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US drone strikes again. Is Pakistan's military angling for a favor?

Outwardly, US-Pakistan relations still look tense. But with Tuesday's US drone strike into Pakistan, ending a hiatus of nearly two months, some experts see some resumed cooperation – and say Pakistan's military may have good reason.

By Staff writer / January 11, 2012

In this file photo an unmanned US Predator drone flies over Kandahar Air Field, southern Afghanistan, on a moon-lit night.

Kirsty Wigglesworth/AP/File

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Washington

Does the resumption of US drone strikes inside Pakistan this week, after a hiatus of nearly two months, mean the two wary and fractious allies have mended fences?

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Outwardly, US-Pakistan relations show no obvious improvement. Pakistan has stuck by two steps it took to retaliate against the United States after a deadly NATO attack on a Pakistani border outpost in November. Its border crossings into Afghanistan remain closed to NATO supply convoys, and US drones remain banned from Pakistan's Shamsi air base in the Baluchistan region.

But the US drone strike Tuesday in Pakistan's North Waziristan, which killed four suspected terrorists, does indicate an easing of tensions and a measure of resumed cooperation, at least between the militaries of the two “strategic partners,” some South Asia experts say.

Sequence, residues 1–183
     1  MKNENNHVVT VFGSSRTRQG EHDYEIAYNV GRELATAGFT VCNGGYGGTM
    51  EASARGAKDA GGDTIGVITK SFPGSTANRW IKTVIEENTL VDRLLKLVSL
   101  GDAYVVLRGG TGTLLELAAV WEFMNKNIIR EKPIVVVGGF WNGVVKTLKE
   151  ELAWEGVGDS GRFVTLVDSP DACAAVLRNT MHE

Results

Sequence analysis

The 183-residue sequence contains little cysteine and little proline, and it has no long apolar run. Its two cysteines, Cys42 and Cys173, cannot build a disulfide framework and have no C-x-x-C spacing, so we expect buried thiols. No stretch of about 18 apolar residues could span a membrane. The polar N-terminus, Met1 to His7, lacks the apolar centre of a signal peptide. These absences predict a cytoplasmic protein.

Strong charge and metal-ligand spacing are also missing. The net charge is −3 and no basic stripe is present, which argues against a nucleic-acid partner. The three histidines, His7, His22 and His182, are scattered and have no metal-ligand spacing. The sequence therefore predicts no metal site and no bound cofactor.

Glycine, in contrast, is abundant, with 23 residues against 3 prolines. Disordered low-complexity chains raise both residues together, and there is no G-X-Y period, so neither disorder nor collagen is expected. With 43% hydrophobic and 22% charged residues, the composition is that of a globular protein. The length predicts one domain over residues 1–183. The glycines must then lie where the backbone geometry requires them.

Some even wonder if there's a connection between Tuesday's strike and Pakistan’s civilian-military political crisis, which may be reaching its denouement.

"My sense is that the two militaries were working behind the scenes to try to repair relations that remain crucial to both sides,” says Lisa Curtis, a senior fellow at the Heritage Foundation’s Asian Studies Center in Washington. “The resumption of drone strikes at this time does seem to suggest they were able to reach some kind of understanding.”

The common point in any understanding may well be that the US drone strikes, despite the Pakistani public's extreme dislike of them, serve the interests of both governments.

“We know how important the drone strikes have been for the US in the fight against Al Qaeda” and against Pakistan-based militants who cross the border to fight NATO and Afghan troops in Afghanistan, says Ms. Curtis. “And, in fact, they’ve been important for Pakistan in its fight with the antigovernment militant groups it faces.” 

The US suspended the drone strikes, a deep source of ire inside Pakistan, in mid-November, after a NATO attack on a Pakistani border outpost killed 24 Pakistani soldiers and brought bilateral relations to the breaking point. US officials confirmed this month that the attacks had been suspended to allow time for frayed relations to mend.

Al Qaeda and other extremist groups appeared to take advantage of the lull in drone attacks, regrouping after having been splintered by a steady barrage of surprise missile fire, US officials say.

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